Setting up a Self-Hosted Link Shortener

Posted on • 10 min read

Tags: self-hosted

03/11/2018 - You may notice that all the images from within this post have gone "missing". I had issues with a VM migration that went slightly wrong. I'll need to manually re-create all of them... which will take a while :( The content is still here, but if you like pictures you'll be sad. Remember kids "the condition of any backup is unknown until a restore is attempted"!!

In your web surfing experience, you have probably clicked on a shortened link before. You may even click on them regularly, especially if, like me you are a frequent Twitter scroller! It's what allows a link like https:\\\short instead of https:\\\reallylonglink\thatlooks\horrible.

It's something that has become popular in the last few years especially, and it's great for marketing. You can easily pop a short link on a poster that is easy to remember and doesn't take up a lot of space on the poster itself.

I saw an example the other day on an advert on the train. It was from Facebook (about fake accounts), they had a link at the bottom to find out more, and it was a nice simple, easy to remember link, with a custom short domain:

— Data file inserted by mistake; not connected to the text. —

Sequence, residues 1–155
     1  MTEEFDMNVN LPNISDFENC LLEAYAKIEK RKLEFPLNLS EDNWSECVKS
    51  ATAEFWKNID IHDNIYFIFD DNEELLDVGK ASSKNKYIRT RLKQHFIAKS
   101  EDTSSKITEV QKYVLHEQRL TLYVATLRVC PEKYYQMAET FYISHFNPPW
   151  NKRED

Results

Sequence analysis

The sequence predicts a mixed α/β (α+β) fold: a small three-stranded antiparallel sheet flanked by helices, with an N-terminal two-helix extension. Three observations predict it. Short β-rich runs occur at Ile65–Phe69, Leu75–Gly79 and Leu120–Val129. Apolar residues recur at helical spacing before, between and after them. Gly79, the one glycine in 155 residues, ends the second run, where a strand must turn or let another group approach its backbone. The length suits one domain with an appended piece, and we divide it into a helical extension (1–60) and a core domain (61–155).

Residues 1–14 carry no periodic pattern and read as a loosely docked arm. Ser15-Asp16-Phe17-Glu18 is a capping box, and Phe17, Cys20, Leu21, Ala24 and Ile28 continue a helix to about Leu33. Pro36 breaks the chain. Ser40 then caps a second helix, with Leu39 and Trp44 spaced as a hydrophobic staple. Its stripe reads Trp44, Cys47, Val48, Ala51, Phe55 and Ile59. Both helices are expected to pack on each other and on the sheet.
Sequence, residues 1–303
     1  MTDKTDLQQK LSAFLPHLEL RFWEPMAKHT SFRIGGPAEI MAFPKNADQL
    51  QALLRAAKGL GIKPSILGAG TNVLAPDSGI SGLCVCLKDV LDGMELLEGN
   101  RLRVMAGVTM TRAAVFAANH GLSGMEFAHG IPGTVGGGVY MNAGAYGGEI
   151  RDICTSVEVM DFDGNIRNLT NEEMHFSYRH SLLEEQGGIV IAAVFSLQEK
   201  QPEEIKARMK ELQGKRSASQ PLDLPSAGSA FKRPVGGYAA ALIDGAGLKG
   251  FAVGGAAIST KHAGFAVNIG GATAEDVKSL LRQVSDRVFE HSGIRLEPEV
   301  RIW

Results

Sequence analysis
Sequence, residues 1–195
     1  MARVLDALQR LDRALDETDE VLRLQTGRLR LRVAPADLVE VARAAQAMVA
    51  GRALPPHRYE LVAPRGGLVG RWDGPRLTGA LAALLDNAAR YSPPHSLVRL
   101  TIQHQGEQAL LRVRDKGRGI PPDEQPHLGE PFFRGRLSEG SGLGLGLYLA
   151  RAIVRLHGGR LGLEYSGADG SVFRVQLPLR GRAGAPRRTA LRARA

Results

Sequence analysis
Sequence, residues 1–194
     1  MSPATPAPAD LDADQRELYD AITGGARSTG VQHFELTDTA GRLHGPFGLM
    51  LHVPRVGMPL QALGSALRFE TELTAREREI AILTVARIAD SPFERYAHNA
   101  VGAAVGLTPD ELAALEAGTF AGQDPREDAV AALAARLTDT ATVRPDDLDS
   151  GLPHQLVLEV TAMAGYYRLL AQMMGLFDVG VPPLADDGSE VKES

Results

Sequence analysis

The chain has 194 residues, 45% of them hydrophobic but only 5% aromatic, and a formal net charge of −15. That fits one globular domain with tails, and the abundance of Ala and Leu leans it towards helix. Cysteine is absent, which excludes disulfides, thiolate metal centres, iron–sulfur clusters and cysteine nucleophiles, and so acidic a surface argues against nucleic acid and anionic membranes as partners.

That's the key ingredient of a short link. You need a short domain. I've seen some clever short domains out there that make use of the plethora of domain endings, one I use a lot is which is the short domain for (it's a disposable email service, very handy for when you're not sure if you want to give your real email address away!).

I've written this post to document how I went about installing my own self-hosted link shortener. I've found when I pick a title for my posts, the link can sometimes become a bit ridiculous, and when I paste that into Twitter or LinkedIn and the like, it can look messy and distract from the tweet or post. I've had the domain registered for a little while, and thought I could make use of that, jk being jake, and pr being price.